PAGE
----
Student choreographers step into the spotlight in upcoming dance showcase
The University of Arizona School of Dance is showing off some of their choreographers and dancers this weekend at "In the Moment — Student Spotlight." Undergraduate and graduate students are bringing pieces of all different styles and inspirations to the show.
“It’s not just concert ballet dance; it’s really exciting,” said Natalie Clevenger, a senior majoring in dance.
Clevenger choreographed one of the featured pieces, “King,” in a modern style with inspiration from choreographer Martha Graham and the techniques used at Indiana Dance Company, a studio Clevenger was a part of.
Clevenger’s piece will be performed by eight men and one woman, all undergraduates in the dance program. With her choreography, Clevenger has created a contrast between the movement of the female soloist and the eight men by having the men adopt more feminine movements.
“I feel like dance has a very big potential as an art form because it’s using the human body,” Clevenger said. “A lot of times, I think it’s just choreography for choreography, and I wanted to try to experiment and make something that was a piece of art and that was speaking to someone.”
While she danced a solo that she choreographed herself last year, this will be Clevenger’s first piece that she has choreographed to be exhibited by other dancers.
Haley Johnson, a senior majoring in dance, is another one of the students showing her work at "In the Moment" this weekend. Johnson has had several works performed in various UA shows in the past, but this will be a bit of a departure from her previous pieces that featured darker tones.
Using “Mr. Blue Sky” by the Electric Light Orchestra as her music, Johnson said the creation of this piece was very much a collaborative process between herself and her dancers.
“I never really have a plan when I’m going through a dance,” Johnson said. “I knew I had a beginning, and then I just was inspired by the push-and-pull kind of thing with the dancers. They gave me a lot of feedback, and that inspired me and I inspired them.”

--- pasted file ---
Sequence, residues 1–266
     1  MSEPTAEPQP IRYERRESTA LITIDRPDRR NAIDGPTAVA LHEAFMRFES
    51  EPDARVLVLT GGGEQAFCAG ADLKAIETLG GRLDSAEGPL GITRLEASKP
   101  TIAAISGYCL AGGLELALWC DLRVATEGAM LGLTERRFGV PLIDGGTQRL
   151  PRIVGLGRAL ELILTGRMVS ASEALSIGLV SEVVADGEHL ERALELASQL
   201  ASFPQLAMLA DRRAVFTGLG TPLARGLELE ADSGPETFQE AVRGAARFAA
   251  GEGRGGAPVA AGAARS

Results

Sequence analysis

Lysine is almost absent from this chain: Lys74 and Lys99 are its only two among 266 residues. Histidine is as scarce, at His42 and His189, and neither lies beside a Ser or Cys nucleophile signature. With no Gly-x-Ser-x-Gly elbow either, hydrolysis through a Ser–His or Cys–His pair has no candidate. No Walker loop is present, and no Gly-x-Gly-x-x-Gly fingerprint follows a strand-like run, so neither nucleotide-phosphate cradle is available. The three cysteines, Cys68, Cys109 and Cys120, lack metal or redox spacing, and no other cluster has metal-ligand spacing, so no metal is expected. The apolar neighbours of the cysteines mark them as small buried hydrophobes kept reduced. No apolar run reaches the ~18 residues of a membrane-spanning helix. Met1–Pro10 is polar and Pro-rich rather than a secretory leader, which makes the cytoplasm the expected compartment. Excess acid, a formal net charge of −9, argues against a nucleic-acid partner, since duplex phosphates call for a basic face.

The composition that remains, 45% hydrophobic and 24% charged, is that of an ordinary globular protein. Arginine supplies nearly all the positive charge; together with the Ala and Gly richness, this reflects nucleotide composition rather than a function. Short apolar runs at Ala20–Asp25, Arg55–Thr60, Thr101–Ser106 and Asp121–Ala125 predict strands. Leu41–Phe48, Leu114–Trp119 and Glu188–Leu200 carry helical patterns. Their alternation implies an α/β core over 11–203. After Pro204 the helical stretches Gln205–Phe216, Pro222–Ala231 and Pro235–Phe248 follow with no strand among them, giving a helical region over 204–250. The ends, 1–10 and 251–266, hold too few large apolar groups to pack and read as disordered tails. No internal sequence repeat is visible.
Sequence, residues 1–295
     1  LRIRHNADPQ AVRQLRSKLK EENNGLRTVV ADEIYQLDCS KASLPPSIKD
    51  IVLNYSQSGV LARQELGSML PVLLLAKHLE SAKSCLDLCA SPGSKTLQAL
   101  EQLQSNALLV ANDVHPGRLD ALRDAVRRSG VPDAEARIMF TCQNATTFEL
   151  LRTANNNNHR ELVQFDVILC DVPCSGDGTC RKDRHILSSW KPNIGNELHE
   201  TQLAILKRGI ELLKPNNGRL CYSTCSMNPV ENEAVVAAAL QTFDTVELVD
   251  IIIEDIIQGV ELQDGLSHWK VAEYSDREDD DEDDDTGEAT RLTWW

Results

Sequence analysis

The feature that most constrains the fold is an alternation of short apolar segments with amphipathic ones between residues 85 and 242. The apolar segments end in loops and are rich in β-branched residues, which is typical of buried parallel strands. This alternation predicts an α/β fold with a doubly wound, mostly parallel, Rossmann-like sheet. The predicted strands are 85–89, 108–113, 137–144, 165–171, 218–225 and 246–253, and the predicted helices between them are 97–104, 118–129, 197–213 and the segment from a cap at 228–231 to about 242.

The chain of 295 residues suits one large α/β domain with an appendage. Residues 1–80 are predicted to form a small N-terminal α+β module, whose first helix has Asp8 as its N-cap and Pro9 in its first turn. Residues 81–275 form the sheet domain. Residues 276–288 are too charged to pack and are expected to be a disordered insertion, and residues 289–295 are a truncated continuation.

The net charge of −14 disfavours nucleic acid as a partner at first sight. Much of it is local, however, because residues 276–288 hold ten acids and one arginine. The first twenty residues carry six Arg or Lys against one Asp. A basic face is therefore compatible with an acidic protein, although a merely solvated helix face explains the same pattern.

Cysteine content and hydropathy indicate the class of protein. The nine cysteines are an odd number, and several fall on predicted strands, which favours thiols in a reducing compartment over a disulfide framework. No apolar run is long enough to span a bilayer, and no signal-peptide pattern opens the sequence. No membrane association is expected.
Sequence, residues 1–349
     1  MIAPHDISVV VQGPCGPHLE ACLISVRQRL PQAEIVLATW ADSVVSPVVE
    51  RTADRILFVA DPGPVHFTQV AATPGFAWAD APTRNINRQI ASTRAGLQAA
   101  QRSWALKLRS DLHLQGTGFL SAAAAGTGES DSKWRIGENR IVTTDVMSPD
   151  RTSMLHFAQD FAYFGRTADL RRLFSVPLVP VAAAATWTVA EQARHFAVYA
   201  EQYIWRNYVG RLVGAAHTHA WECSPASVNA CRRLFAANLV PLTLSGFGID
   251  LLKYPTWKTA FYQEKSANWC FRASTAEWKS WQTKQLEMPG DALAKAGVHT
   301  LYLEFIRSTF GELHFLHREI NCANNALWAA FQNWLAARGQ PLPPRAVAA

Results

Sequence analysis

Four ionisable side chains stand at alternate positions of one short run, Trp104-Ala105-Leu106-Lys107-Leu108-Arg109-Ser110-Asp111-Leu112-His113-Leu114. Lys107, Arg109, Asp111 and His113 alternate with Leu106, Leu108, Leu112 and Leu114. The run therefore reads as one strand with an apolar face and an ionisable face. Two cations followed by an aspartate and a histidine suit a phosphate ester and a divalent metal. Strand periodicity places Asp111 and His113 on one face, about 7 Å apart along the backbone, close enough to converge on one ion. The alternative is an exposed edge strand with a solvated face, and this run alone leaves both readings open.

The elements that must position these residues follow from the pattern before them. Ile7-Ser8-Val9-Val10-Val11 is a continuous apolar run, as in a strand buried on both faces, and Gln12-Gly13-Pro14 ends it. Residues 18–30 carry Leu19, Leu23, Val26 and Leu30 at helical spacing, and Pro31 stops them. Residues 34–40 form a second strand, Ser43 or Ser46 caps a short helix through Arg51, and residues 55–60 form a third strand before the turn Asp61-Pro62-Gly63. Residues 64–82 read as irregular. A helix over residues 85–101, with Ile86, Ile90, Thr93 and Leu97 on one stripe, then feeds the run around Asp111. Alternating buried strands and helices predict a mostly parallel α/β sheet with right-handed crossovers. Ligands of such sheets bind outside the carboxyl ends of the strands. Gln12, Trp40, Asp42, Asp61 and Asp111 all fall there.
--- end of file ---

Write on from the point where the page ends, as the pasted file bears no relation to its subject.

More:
The piece, "Squabble," is about expressing small, common arguments between people through movement. Johnson said she hopes the audience can take this theme and run with it, finding their own story within it as it is a subject anyone can relate to.
Johnson described “Squabble” as contemporary, a blend of the techniques of ballet with the freedom and movement of modern.
“It’s freedom in your bones,” Johnson said. “There’s still a technique to it. You still have to straighten your legs and point your feet and you have to be very precise with each movement, but I think the beauty of choreography is using that contemporary technique to make something completely new and original.”
That contemporary style will be seen in various performances at "In the Moment," including “Water from the Same Source.” Nicole Hennington, a junior majoring in dance, choreographed the piece to a song of the same name to explore how people are connected through who and what they learn from.
Hennington has choreographed several pieces before, but for this process she wanted to try something new and created the choreography first, allowing the story and meaning to grow out of the movement.
“We’re all being nurtured by the same people or by the same idea or by the same education,” Hennington said. “It’s just up to us what we do differently with it.”
“Water from the Same Source” features four dancers, Hennington among them.
“I appreciate how compassionate dance can be,” Hennington said. “Your individuality is appreciated in this art. It’s all about what we want to do with our own individual style and we all support each other … and that’s where the passion comes from.”
"In the Moment" will feature 12 pieces and will be performed at 7:30 p.m. on Nov. 30, Dec. 1 and Dec. 2 and at 1:30 p.m. on Dec. 3 at the Stevie Eller Dance Theatre. Tickets are $25 for adults and $12 for students and can be purchased at the College of Fine Arts Box Office or online.
“It’s very pleasing and entertaining to the eye,” Clevenger said about the show. “A lot of times, modern dance gets confused for something really out there that no one can understand, but I feel like, as a non-dancer, you can come and watch the show and be entertained.”
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